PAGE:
The Sidelined Wife(109)

By: Jennifer Peel


“Black Day Dawning hit number one.” I couldn’t say it without smiling.

“I’m so proud of you, Autumn Moone.” Only he could call me that.

I tensed. “I hope you’re not around anyone.”

“I’m in the truck all by myself.”

“You could come home for lunch.” Our private lunch hours were my favorite.

He groaned. “I want to more than anything, but we have to finish up the Finley job before tomorrow. They’re having a huge summer bash this weekend. But how about I take you to dinner tonight to celebrate?”

“I’d like that.”

“Think of where you want to go, and I’ll be home as soon as I can.”

“Hurry.”

“Delanie?”

“Yes.”

“I’m sorry about earlier. You know I love you more than anything, and whether we have a baby or not isn’t going to change that.”

I sighed. “I know.”

“I’ll see you soon.”

I leaned back in my office chair and stretched my neck. I loved this space, and the man that built it for me. My secret hiding place. When we had the house built, Peter insisted that he finish the attic for me. There was no one more thoughtful than him. I only had to look at every aspect of my office, from the countertops that lined one side of the room, lending me a huge desk. I loved that I could spread out on it when I researched each project and book. The built-in shelves were filled with not only the books I’d written, but the books I loved, like To Kill a Mockingbird, or Jane Eyre. The most thoughtful items were all the framed posters of each one of my books that hit the New York Times Best Seller list. He would get an actual copy of the paper, blow it up, and frame it. There were five on the wall now. Soon, I knew there would be six.

I swiveled in my chair, stopping to run my fingers across my old, red manual typewriter. I thought my parents were so weird when they gave that to me for my tenth birthday. My parents were weird, or at least different than most. When Cat and Ron—my parents, who insisted on being called by their first names (long story)—presented me with the typewriter instead of the computer I asked for, they changed my life, though I thought they had ruined it. I wrote my first novel with it when I was twelve. If I Lived on the Moon. It inspired my pen name and the moon tattoo hidden where only Peter could see it.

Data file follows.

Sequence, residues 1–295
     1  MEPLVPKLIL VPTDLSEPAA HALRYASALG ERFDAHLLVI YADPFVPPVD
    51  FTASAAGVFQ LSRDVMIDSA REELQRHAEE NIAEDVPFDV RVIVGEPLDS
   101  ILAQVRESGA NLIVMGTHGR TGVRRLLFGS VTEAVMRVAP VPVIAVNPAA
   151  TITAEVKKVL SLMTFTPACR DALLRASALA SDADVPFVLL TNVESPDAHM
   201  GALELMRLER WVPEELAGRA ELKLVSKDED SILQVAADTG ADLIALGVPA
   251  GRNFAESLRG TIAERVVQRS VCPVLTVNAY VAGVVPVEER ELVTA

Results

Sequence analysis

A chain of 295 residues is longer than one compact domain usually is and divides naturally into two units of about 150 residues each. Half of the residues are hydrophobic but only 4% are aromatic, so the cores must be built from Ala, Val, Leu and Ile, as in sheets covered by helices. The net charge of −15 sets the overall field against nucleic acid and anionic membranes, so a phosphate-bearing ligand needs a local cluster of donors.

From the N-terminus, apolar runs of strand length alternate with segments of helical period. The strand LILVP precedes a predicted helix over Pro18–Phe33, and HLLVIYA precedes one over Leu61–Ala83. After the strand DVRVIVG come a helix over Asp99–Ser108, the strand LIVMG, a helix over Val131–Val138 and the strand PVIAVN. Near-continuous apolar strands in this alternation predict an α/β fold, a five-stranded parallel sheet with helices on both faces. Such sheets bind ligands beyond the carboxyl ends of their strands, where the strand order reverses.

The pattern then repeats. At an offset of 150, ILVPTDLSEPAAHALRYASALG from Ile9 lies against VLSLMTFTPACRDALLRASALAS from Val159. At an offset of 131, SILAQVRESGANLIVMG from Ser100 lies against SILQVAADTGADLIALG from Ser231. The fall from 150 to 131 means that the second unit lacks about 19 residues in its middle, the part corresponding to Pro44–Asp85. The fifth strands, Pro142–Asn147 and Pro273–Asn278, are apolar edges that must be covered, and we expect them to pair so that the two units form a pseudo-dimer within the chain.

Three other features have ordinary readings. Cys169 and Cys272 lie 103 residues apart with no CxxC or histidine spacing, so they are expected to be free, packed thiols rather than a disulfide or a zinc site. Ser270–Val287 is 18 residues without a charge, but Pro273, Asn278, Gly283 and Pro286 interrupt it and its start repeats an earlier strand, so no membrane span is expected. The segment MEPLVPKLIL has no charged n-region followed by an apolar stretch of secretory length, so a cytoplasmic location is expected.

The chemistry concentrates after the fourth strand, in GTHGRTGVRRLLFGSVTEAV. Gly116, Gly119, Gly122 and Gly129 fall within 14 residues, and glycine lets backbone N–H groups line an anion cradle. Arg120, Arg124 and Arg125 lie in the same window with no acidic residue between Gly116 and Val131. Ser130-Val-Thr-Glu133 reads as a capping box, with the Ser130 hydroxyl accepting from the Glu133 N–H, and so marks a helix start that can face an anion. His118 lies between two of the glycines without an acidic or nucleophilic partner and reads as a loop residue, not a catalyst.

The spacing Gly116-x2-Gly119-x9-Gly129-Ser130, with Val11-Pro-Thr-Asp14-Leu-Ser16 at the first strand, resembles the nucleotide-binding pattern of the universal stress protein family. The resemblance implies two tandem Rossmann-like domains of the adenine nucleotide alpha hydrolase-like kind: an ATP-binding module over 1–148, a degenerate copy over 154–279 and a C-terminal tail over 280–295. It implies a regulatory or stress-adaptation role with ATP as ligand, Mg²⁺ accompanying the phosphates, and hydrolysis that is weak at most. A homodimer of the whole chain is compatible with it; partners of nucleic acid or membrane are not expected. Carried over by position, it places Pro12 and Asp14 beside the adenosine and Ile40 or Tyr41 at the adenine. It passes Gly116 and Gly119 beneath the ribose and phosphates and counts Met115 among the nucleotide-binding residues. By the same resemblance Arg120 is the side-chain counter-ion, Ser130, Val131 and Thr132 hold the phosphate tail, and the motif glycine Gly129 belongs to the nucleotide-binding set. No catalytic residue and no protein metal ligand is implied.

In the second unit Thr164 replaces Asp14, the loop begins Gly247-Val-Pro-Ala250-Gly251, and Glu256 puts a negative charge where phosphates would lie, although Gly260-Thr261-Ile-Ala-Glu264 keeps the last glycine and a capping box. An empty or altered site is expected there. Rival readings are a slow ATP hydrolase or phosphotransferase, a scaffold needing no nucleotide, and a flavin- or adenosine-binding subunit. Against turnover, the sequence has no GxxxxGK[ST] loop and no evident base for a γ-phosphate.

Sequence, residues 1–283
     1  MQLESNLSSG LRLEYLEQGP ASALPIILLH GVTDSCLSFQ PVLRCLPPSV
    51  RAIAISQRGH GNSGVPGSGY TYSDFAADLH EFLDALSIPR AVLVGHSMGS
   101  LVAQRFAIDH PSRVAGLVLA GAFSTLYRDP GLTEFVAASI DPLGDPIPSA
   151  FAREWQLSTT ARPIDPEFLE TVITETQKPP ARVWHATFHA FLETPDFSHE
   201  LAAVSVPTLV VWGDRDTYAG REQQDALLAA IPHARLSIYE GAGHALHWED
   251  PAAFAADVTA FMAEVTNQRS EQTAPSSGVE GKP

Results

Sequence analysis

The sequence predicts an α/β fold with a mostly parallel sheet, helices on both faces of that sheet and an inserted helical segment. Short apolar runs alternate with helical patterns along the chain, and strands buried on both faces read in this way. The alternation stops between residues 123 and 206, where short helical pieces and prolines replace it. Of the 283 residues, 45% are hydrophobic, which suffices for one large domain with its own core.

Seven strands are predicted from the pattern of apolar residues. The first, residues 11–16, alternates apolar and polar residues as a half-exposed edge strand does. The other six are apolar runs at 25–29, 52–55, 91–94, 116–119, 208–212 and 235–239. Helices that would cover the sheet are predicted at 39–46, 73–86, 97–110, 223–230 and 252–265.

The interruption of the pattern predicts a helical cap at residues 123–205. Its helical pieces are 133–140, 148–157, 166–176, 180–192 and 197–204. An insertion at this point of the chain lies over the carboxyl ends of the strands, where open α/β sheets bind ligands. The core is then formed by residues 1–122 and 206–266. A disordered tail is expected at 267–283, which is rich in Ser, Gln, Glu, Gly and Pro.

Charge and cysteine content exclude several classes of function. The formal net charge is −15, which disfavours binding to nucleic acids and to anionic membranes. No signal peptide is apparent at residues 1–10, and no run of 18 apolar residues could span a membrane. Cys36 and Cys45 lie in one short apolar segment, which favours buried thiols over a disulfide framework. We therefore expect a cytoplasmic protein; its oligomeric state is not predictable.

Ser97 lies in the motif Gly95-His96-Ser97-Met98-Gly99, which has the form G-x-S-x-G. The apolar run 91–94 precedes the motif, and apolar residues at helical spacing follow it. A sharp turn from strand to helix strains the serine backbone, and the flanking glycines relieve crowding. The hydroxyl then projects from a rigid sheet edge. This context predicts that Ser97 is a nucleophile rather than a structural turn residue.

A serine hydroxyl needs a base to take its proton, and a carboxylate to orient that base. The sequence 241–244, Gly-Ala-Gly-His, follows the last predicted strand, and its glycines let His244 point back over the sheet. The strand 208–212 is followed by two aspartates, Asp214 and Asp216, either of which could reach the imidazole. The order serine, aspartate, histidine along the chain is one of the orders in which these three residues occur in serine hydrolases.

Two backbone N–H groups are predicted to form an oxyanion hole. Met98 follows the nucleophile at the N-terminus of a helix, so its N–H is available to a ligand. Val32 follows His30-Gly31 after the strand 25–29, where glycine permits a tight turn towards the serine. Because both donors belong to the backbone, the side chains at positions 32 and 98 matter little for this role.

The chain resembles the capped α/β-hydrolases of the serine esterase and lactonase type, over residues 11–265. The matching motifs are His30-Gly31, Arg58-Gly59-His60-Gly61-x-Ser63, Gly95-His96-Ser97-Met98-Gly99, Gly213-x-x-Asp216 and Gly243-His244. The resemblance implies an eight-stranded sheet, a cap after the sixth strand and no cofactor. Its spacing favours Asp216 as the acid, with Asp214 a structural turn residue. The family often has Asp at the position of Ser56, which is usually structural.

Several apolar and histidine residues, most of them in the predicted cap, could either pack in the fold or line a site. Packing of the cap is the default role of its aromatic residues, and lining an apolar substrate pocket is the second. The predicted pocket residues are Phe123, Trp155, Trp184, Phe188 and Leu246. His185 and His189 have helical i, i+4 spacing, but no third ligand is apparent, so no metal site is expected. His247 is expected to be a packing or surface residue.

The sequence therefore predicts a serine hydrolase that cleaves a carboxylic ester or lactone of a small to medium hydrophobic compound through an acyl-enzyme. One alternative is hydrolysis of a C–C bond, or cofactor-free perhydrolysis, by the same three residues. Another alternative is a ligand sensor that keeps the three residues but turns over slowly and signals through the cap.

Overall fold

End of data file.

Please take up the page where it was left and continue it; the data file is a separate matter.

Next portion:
I also wrote the book that launched my career on the old thing. I missed the sound of the keys and the typebars making contact with the ribbon and paper. I never intended to write romance, but I found I had a penchant for it. I blamed it on the built up sexual tension from being in love with a man I thought could never be mine. A priest.

I never wanted anything or anyone more in my life. Hunter Black came to life because of it all. Every one of Peter’s qualities were poured into him. Laine, his true love that he could never have, was me. I cried into the typewriter many a night, trying to purge myself of Peter. It didn’t work; if anything, I wanted him more.

I was supposed to be writing gritty, raw, real-life pieces that changed lives. Instead, I was fueling fantasies, mine the most. Now that I was living out my fantasy with my priest, it didn’t make me feel so guilty.

. . . That wasn’t as awful as it sounded.

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